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I want to put regex matches to buffer but cannot get even simpler example y :.put myNewBuffer return msg [line] [put] [buffer] working ie how to put something to buffer?

So to regular expressions and ex

  1. what does (.,.)~ replaces the previous regular expression with the previous replacement pattern from a substitution mean? Some example helpful, source of the quote.
  2. please, give some examples how you use regexes with ex. For example, how can you buffer areas between starting word having h as the first character until the word ending to s character?
  3. What about if the last thing only on a line ie ending word is the word ending to s or the end of line $?
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up vote 1 down vote accepted

The vim manual may be a better and more up-to-date than that old Ex manual. Most likely, you will be using ex that comes with vim on most modern Linux distributions. To get help in Vim use :help, to get help on a specific command like the Ex command ~, use :help :~. All Ex commands are preceded with a : in Vim. I think (.,.) is simply used to denote a range may be specified as in 2,8 to mean lines 2 through 8 or 1,$ ($ represents last line) for every line in a file. In Vim, typing :1,$~ means run the Ex command ~ on every line in the file.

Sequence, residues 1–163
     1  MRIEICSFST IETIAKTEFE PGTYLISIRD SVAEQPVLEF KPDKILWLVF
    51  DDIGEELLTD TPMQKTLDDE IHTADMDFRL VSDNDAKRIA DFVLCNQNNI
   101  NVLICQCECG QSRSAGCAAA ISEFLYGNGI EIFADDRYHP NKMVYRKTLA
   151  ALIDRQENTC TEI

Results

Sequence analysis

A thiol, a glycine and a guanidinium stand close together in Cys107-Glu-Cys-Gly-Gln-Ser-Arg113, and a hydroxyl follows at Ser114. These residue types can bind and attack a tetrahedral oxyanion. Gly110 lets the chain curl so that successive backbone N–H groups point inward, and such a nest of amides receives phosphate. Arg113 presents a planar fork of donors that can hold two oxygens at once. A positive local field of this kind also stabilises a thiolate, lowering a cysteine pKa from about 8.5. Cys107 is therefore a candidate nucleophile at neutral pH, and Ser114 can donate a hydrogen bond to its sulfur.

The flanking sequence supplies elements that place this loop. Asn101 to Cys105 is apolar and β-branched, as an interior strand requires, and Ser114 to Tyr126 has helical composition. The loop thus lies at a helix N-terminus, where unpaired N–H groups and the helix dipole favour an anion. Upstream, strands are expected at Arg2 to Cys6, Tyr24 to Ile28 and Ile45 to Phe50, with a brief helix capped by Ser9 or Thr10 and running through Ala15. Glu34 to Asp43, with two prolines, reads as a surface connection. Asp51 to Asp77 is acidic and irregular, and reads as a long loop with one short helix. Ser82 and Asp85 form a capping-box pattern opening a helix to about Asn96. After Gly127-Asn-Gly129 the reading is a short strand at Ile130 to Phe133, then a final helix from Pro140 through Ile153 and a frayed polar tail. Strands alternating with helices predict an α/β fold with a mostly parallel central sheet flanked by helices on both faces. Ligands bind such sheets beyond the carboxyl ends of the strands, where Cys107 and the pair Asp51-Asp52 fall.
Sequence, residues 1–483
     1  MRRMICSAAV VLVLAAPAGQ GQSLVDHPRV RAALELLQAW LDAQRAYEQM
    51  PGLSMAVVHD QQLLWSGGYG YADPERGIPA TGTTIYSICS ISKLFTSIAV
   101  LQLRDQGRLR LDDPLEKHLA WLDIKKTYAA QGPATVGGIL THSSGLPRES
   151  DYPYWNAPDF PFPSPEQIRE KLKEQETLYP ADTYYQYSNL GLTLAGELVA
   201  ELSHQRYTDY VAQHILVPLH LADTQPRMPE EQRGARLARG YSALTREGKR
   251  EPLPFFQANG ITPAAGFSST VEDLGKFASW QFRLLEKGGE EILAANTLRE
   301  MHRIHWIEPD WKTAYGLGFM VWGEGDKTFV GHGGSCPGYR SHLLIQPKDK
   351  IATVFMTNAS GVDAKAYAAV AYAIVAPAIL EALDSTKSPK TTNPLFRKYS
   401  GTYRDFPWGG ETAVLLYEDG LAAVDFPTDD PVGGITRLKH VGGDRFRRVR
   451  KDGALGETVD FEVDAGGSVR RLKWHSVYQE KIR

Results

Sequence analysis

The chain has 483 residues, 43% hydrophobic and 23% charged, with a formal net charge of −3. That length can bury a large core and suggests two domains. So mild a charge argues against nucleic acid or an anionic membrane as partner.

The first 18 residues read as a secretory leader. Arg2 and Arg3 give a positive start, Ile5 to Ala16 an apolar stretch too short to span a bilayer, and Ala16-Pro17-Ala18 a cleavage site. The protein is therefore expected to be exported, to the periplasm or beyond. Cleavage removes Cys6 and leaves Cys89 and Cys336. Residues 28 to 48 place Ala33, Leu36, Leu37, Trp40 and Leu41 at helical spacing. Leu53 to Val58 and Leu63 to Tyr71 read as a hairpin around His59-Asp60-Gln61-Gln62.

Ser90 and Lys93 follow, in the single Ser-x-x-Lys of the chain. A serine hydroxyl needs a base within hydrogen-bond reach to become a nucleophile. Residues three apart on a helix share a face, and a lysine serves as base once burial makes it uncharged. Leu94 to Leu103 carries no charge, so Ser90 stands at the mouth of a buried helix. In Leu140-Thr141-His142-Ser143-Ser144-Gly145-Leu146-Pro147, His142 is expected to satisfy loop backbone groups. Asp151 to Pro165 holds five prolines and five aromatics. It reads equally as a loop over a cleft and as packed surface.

1. Vim say :~ is "Repeat last substitute with same substitute string but with last used search pattern." A substitution is normally written as :s/pattern/string/ This looks for a pattern on a line and replaces it with string. :~ repeats last substitute command, but uses the most recent search for pattern.

  2. Try this pattern: /\<h.*s\>

/ is used to start a search in Ex/Vim, \< means match start of word, h matches h, .* where . matches any single character and * repeats that zero or more times so .* means match zero or more characters. s matches s, \> matches end of word.

  1. Try this pattern /words\?$

$ means end of line when used in a pattern match, and \? means previous character is optional. This will match word or words at the end of a line.

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Does this answer your questions? –  penguin359 Apr 2 '11 at 14:39
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